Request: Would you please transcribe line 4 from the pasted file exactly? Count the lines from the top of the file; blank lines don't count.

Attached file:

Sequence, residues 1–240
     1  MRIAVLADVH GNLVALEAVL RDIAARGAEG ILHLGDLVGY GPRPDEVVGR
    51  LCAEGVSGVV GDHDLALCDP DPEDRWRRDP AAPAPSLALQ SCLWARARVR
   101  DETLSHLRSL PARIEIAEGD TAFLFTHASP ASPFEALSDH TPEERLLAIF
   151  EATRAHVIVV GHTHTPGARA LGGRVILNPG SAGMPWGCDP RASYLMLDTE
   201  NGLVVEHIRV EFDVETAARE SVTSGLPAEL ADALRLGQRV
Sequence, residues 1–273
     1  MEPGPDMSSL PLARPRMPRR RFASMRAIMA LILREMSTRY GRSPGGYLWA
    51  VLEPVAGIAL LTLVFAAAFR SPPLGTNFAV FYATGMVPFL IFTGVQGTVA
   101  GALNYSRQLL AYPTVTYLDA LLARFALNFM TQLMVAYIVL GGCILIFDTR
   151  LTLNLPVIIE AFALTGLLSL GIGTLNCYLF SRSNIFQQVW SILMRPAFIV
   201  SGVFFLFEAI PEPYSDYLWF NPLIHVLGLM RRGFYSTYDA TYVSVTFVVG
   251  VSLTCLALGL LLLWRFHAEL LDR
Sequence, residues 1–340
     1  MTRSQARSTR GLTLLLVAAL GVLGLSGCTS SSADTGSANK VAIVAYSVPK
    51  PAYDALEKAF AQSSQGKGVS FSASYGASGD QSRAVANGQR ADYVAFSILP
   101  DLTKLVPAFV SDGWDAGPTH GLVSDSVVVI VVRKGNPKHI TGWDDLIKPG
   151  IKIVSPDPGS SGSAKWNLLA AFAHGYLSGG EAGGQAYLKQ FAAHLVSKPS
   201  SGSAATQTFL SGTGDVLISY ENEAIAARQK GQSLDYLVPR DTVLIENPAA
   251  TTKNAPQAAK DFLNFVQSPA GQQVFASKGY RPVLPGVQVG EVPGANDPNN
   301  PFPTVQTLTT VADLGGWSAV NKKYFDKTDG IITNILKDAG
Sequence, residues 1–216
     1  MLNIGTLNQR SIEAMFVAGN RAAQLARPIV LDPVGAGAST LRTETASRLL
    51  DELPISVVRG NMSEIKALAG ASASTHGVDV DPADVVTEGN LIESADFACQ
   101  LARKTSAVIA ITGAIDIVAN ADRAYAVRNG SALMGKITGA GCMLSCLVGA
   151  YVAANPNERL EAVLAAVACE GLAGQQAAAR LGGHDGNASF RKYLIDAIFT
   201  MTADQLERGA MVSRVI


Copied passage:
   101  DETLSHLRSL PARIEIAEGD TAFLFTHASP ASPFEALSDH TPEERLLAIF